Bottle, Bar, or Bust:  PX sherry cask Scotch is generally easy to appreciate as it is big on the sweet fruits.  Cask #1928 goes a step beyond that with its finish, adding a whole new dimension to what's expected. I was shocked at how easy this was to sip despite its high ABV.  Dry did not equal burn. Priced fairly for its age and proof, I find no barricade for a Bottle recommendation.



1994 Cask #5287





This cask was a former Ruby Port pipe sourced from the Douro Valley region of Portugal. 1994 was a small distillation year for The GlenDronach, making this cask even more limited. Only 638 bottles are available at 51.3% ABV (102.6°), with a suggested retail of $415.00.


Appearance:  Presenting as the color of golden chestnut, the rim was broad with slow, plump legs that crawled back to the whisky. 


Nose:  The Port wine influence was indisputable. Plum and cherry jam blended with coffee, truffle, and molasses. Beneath those was butterscotch.  When I pulled the fumes across my palate, the earthy notes of truffle continued.


Palate:  I found the mouthfeel to be thick, jammy, and luxurious. On the front, I tasted cherry, raisin, and plum. The middle offered dark chocolate, caramel, and roasted walnuts. Then, on the back, flavors of coffee, truffles, and dry oak rounded things out.


Finish:  If you like freight-train finishes, this doesn't disappoint. Several minutes afterward, it kept chugging along. There were earthy truffles, smoky oak, deep, dark chocolate, and nuts.


Bottle, Bar, or Bust:  One of the cool things is when a whisky doesn't give you a chance to forget about it. The finish never ends. There's no getting distracted and struggling to recall what you've poured. Cask #5287 is like a Vulcan mind-meld. You're stuck with it. Thankfully, it is delicious. The palate wasn't overly complicated which, again, allowed me to relish this whisky. It scores a Bottle rating. 



1993 Cask #7102




Aged for a whopping 27 years in an Oloroso sherry cask, this single malt is the obvious oldest of the bunch. At 51.4% ABV (102.8°), there is a premium for the additional year - it will set you back about $600.00. There are only 633 bottles produced.


Appearance:  After forming a very heavy rim on my Glencairn glass, husky legs raced back to the whiskey.  The color was deep and dark, almost like maple syrup.


Nose:  There was so much that went on here. Molasses, chocolate-covered cherries, cinnamon, ginger, strawberry jam, orange marmalade, raisin, and spiced rum... have you ever had good fruitcake? That's what came to mind as I got lost in the aroma. I also encountered berry cobbler. When I breathed in through my mouth, orange marmalade and plum tangoed across the palate.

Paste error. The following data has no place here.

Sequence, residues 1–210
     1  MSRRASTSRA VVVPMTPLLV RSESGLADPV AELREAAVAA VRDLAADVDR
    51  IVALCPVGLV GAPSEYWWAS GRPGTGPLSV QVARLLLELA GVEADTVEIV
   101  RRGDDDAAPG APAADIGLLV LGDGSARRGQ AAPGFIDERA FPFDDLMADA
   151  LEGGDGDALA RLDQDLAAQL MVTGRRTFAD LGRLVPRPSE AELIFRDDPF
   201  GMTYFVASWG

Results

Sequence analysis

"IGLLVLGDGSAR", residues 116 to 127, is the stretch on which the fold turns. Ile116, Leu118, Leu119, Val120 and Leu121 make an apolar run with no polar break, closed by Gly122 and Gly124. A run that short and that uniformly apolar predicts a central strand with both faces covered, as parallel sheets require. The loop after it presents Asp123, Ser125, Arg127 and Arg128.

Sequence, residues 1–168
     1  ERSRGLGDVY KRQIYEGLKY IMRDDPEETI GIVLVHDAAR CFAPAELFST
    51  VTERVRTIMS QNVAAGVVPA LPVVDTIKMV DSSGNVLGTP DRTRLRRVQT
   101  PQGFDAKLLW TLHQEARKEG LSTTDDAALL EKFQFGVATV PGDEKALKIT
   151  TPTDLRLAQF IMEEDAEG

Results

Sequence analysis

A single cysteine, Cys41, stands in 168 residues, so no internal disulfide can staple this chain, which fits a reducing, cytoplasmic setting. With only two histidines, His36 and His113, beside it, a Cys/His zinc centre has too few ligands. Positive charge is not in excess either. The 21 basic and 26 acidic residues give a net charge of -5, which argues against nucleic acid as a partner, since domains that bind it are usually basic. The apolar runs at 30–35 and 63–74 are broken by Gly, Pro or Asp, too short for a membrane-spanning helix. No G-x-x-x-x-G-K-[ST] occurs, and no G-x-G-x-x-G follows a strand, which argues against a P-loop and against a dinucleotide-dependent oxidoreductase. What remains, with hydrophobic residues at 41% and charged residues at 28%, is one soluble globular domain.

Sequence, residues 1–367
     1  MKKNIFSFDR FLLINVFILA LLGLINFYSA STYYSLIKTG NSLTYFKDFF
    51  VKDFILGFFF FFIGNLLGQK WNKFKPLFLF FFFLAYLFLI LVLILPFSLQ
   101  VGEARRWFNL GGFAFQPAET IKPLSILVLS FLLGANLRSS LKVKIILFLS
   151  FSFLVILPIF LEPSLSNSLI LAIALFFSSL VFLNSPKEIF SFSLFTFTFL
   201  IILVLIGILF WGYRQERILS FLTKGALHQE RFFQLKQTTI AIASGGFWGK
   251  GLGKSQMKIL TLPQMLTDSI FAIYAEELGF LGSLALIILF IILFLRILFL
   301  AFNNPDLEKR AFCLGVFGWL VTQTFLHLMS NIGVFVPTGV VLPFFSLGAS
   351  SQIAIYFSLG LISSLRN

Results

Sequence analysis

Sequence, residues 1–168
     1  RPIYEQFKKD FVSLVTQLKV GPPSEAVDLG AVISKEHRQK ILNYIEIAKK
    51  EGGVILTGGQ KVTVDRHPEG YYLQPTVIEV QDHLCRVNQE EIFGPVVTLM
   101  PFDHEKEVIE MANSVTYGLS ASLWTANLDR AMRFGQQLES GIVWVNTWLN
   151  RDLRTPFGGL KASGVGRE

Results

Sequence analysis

Palate:  The mouthfeel was full-bodied and weighty. Date, molasses, and honey mead hit the front. The middle ponied up dark chocolate, black cherry, and raisin. On the back, I tasted oak, dark chocolate, and honey.


Finish:  The finish simply would not quit. Dark chocolate, date, dry oak, black cherry, and spiced plum stuck around with smoke intermingling between each sensation. By smoke, I want to be clear this was not peat.


Bottle, Bar, or Bust:  I'll be frank. There is absolutely nothing not to like about Cask #7102. Flavors were bold but didn't trample over one another. I fell in love with the mouthfeel, and, oh, that nose! This one's just a fantastic, beautiful whisky that I can't say enough good things about, earning it a Bottle recommendation.


Final Thoughts:  While all four were special, I believe the two stand-outs were the 2005 and 1993 casks. The two youngest casks I considered value against what I was tasting. But, once you start getting into the 26- and 27-year Scotches, the prices get steep, but remember, you're also paying for something that is rare. This helped me get past my usual value statement that I do with most others and it became less of a consideration.


None of these whiskies are peated, and none had that astringent (Band-Aid) quality that some folks find unappealing. Despite their higher proofs, they were all easy sippers and while I tried them with water to satisfy my curiosity, it wasn't necessary and my tasting notes are based on all-neat pours.


I'm not sure where you could go wrong with any of the four, but my order top to bottom would be 1993, 2005, 1994, then 2008.  Cheers!


My Simple, Easy-to-Understand Rating System
  • Bottle = Buy It
  • Bar = Try It
  • Bust = Leave It